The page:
Electrical-Safety Sense: Understanding Your Options
EP Editorial Staff | July 16, 2012
Electrical safety boils down to a single objective: Reduce electrical risks. Consider, for example, the fact that a 120VAC outlet is riskier than 13.8KV power distribution equipment. The reason is because many more people are exposed to 120VAC. The Risk Control Hierarchy instructs us on the most effective ways to reduce the probability and severity of such risks.
- Elimination—Remove all voltage exposure
- Substitution—Replace high-risk tasks with lower-risk tasks
- Engineering Controls—Find ways to control electrical energy
- Awareness—Reveal all sources of electrical energy
- Administrative Controls—Ensure safe work practice procedures (NFPA 70E, CSA Z462)
- Personal Protection—Reduce risks of working on live voltage
Keeping people away from live voltage eliminates risk altogether and is the preferred option. Communication ports, mounted on the outside of control panels, allow workers thru-door access to necessary aspects of the panel without taking the sometimes-risky action of opening the panel door. Having the ability to customize communication ports is important because it means every panel can be dressed with this time-saving safety device and no one is left exposed.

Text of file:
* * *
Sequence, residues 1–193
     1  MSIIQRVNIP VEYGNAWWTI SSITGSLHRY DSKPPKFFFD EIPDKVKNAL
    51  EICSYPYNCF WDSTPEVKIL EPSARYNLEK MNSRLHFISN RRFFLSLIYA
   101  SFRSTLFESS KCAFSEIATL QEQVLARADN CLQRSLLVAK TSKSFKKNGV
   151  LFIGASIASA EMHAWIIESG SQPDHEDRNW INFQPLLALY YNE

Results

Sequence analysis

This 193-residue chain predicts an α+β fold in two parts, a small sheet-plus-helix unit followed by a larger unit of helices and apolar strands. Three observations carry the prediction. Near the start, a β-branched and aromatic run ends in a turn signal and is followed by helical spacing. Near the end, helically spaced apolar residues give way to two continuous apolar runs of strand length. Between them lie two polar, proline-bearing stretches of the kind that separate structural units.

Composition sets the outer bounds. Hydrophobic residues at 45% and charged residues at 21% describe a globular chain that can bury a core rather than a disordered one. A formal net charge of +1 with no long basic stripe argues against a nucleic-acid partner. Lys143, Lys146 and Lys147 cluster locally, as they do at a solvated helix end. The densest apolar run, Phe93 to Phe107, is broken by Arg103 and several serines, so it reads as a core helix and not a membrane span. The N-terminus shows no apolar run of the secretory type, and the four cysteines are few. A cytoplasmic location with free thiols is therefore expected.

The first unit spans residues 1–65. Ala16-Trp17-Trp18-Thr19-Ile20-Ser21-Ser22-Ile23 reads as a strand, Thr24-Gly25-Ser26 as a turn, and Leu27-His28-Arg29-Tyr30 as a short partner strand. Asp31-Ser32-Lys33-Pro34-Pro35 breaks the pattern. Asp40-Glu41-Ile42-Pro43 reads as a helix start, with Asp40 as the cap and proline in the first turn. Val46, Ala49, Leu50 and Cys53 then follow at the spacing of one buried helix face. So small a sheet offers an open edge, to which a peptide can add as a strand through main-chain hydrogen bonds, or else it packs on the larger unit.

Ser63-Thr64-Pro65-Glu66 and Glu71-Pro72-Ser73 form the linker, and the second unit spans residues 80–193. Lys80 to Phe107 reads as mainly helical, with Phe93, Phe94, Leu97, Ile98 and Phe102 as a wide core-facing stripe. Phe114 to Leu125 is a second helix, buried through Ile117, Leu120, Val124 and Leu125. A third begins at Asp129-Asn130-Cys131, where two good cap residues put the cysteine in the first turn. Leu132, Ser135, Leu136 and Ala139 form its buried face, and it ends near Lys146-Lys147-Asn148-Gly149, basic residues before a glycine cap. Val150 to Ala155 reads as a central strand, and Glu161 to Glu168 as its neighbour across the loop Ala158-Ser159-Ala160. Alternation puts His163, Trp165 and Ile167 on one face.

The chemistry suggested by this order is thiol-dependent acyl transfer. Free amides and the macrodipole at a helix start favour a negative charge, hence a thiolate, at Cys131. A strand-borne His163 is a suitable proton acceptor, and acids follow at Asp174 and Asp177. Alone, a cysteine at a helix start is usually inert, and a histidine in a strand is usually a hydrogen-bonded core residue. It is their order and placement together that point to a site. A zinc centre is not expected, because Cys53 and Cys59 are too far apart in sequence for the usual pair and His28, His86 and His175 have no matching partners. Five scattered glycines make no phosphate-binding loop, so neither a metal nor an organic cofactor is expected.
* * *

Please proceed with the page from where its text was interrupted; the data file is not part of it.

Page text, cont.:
Another way to keep people away from live voltages includes permanent electrical safety devices (PESDs). Keeping panel doors closed is vital to electrical safety. With PESDs, workers are able to perform lock-out/tag-out procedures from the safe side of electrical panels, and they do it in just seconds. This means not only are workers safer, but they are more productive with PESDs.
Personal protective equipment (PPE) has its place and value, but, ironically, according to the Risk Control Hierarchy, it is the least effective at actually protecting workers. In fact, PPE’s sole purpose is keeping workers alive from the effects of an arc flash by minimizing, not eliminating, injuries. Furthermore, PPE does nothing to protect equipment or companies from the damaging aftermath of an arc flash.
In the grand scheme of things, which option would you rather count on? MT
To learn more about specific recommendations and practices, email the author: email@example.com.